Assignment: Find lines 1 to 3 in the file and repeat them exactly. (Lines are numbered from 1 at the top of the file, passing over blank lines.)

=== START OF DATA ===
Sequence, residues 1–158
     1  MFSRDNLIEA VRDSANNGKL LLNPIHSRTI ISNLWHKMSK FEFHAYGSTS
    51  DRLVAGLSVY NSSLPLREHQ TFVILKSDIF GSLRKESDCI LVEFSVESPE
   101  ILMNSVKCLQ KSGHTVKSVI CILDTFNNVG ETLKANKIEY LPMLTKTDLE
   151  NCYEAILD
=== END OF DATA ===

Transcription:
Sequence, residues 1–158
     1  MFSRDNLIEA VRDSANNGKL LLNPIHSRTI ISNLWHKMSK FEFHAYGSTS
    51  DRLVAGLSVY NSSLPLREHQ TFVILKSDIF GSLRKESDCI LVEFSVESPE